WELLINGTON (Reuters) - A green Basin Reserve wicket was welcomed by New Zealand's Tim Southee after his recent exertions against Pakistan on dry, low and slow pitches in the United Arab Emirates, but the paceman was quick to point out that looks can often be deceiving.
New Zealand open their domestic test season against Sri Lanka on Saturday and were greeted by a verdant strip at the country's most historic ground, where sides that win the toss tend to try and exploit the seamer-friendly conditions.
However, Neil Wagner used a short-pitched barrage to set up the hosts' victory against West Indies last December, while South African spinners JP Duminy and Keshav Maharaj ran through New Zealand in the first innings in March 2017.
Two months earlier against Bangladesh, New Zealand captain Kane Williamson won the toss and opted to field, but watched his bowlers toil for almost two days before Mushfiqur Rahim declared his side's innings closed at 595 for eight.
"It's nice to be back in conditions we're used to," Southee told reporters. "We've come from a place that wasn't easy for pace bowlers, so there was a bit of a spring in the step of the fast bowlers anyway.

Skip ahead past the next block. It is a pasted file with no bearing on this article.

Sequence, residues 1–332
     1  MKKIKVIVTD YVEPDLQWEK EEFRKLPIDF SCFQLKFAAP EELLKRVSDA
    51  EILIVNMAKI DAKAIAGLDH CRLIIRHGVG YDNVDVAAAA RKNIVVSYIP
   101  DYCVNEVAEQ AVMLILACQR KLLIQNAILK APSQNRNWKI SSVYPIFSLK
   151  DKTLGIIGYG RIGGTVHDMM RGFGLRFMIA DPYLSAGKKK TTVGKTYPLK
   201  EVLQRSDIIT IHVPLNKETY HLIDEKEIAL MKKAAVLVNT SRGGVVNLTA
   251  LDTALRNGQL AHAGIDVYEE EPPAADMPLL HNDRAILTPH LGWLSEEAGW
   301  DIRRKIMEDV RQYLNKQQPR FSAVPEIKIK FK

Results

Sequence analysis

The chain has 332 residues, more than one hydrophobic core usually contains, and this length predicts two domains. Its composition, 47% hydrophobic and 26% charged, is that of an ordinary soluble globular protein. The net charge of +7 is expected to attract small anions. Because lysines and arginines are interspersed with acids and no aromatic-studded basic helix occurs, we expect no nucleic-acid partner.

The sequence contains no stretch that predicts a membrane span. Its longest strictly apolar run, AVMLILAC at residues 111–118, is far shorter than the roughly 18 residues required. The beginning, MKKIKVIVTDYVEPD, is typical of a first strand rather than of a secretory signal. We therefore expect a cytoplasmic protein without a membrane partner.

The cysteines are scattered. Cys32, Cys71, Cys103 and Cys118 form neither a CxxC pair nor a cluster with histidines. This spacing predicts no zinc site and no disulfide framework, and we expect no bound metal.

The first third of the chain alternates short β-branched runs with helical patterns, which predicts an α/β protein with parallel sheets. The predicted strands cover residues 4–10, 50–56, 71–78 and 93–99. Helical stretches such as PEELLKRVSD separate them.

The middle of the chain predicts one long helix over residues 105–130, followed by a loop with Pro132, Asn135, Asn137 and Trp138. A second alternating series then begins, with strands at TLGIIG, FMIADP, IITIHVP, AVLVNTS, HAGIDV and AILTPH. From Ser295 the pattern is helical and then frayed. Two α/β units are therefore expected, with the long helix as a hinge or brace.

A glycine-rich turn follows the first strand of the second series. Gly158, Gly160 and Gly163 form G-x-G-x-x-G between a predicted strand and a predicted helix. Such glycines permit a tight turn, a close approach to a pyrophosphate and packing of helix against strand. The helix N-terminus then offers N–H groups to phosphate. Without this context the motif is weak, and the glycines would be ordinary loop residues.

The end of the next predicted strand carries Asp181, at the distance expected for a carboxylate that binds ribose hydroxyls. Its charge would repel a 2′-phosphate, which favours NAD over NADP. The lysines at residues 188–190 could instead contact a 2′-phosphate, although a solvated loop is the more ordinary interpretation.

"It's nice to see some grass on the wicket but... we don't know what it's going to play like until we get out there. You can get in and it can be a batting paradise as well."
New Zealand enter the two-match series, their first at home under new coach Gary Stead, flying high after they beat Pakistan in an away series for the first time in almost 50 years.
The 2-1 triumph came courtesy of the turn and bounce achieved by spinners Ajaz Patel and Will Somerville, as well as Williamson's batting in the decider, but Southee said they had already moved on and were focused on Dinesh Chandimal's side.
"It's something the group is very proud of," he said of the victory. "A lot of good sides have gone to the UAE and haven't been able to tip Pakistan up.
"We know we can't let that overhang into our home summer and start afresh in different conditions."
(Reporting by Greg Stutchbury; Editing by John O'Brien)
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